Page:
The current political climate is marred with disarray. Millions of Americans feel a sharp divide between their own worldview and the view of their representatives. Only 20% of Americans trust their government ‘always or most of the time.’ In theory, unhappy Americans should respond by voting for new leaders who will bring about change.
However, voter turnout is terribly low in U.S. elections and some people have a vested interest in keeping it that way. Voter suppression and disenfranchisement have long been utilized to consolidate power, discourage grassroots movements, maintain the class structure, and as a tool of oppression. This has a damaging effect on the health, morale, and rights of the groups of people the suppression is aimed at. Ability to vote is a political determinant of health.
Voter ID laws, under the guise of discouraging voter fraud, are a particularly effective strategy currently employed to discourage voting by poor people and minorities. A Civis Analytics study showed that “voter-ID laws decreased [nationwide] turnout among African-American and Democratic voters” in the 2016 election. The study notes that before 2006 no state required ID on Election Day, but in 2017 ten states now do. In states that transitioned to strict voter ID laws, African-American turnout between 2012 and 2016 was down 5% while overall turnout was about 1.7% less.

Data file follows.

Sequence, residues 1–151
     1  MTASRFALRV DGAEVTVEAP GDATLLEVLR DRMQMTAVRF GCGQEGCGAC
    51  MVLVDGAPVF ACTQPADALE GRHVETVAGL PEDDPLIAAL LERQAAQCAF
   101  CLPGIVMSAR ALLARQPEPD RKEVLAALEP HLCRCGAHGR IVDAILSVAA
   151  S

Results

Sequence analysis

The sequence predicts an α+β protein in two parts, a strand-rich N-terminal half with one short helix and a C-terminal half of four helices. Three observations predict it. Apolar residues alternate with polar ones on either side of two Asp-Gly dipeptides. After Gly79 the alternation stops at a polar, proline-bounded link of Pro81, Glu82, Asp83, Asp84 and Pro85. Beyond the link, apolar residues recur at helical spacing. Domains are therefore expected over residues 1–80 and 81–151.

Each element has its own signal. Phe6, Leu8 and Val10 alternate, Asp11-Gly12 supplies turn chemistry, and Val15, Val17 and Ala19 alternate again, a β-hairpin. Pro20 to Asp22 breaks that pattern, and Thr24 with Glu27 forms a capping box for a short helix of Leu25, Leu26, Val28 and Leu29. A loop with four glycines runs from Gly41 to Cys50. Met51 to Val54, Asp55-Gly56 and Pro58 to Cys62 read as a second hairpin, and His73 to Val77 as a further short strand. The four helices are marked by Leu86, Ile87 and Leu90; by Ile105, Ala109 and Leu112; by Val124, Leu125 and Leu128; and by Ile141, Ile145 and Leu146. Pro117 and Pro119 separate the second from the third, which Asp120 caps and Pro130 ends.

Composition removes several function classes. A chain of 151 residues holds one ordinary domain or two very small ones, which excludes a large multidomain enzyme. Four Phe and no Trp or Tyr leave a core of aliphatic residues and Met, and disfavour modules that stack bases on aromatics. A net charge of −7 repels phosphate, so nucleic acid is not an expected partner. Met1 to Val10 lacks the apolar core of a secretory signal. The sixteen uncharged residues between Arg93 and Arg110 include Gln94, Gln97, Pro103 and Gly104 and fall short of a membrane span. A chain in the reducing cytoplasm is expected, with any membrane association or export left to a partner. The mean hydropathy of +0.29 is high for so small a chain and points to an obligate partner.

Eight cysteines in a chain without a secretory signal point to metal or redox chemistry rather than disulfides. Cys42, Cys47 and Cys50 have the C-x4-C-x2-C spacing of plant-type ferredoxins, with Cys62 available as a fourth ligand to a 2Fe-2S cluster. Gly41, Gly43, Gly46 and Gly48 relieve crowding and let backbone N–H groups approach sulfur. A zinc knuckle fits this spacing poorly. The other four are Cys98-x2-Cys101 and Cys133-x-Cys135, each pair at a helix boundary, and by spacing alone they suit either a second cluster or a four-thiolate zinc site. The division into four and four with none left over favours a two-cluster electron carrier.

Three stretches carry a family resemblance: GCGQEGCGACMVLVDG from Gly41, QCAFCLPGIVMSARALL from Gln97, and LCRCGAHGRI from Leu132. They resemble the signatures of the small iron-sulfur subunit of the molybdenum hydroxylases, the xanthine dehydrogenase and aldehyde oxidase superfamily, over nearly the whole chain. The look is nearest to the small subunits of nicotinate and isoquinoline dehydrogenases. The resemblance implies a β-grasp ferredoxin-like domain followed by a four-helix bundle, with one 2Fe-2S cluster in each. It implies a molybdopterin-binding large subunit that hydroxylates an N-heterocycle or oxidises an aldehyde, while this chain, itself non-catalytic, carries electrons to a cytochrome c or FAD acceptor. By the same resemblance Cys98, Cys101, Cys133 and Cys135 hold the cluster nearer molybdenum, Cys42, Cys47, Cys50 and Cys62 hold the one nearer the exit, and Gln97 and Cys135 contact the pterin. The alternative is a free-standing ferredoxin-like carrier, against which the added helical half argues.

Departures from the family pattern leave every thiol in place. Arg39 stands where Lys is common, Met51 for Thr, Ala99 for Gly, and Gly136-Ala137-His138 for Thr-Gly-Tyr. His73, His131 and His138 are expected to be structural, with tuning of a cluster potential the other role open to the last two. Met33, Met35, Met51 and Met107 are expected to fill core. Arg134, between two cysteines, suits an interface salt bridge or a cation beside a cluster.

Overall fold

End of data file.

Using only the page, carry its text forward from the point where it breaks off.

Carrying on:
Wisconsin is a compelling example of the impact of voter ID laws. More than 200,000 people in Wisconsin were unable to vote because of a strict voter ID law that was originally signed in 2011 by Gov. Walker. The law did not go into effect until 2015 after the Supreme Court declined to hear a challenge. Evidence suggests that a large portion of these people were poor minorities. Civis Analytics compared Wisconsin, a strict ID state, to Minnesota and found that the African-American vote dropped off significantly more in Wisconsin.
Trump won Wisconsin be a very thin margin, and one could posit that a different outcome could have occurred with better voting protections in place. Trump’s election has important consequences for minorities and people living in poverty – populations that in many cases faced barriers to voting. Voting is a cornerstone of democracy and access to it should be a non-partisan issue, as many people across the political spectrum have fought for their vote and against disenfranchisement.
Feature image: Women holds sign at Boston rally against Trump Muslim Ban 1.0. Photo © Gilbert Benavidez.
Graphs from Civis Analytics Priorities USA Voter Suppression Memo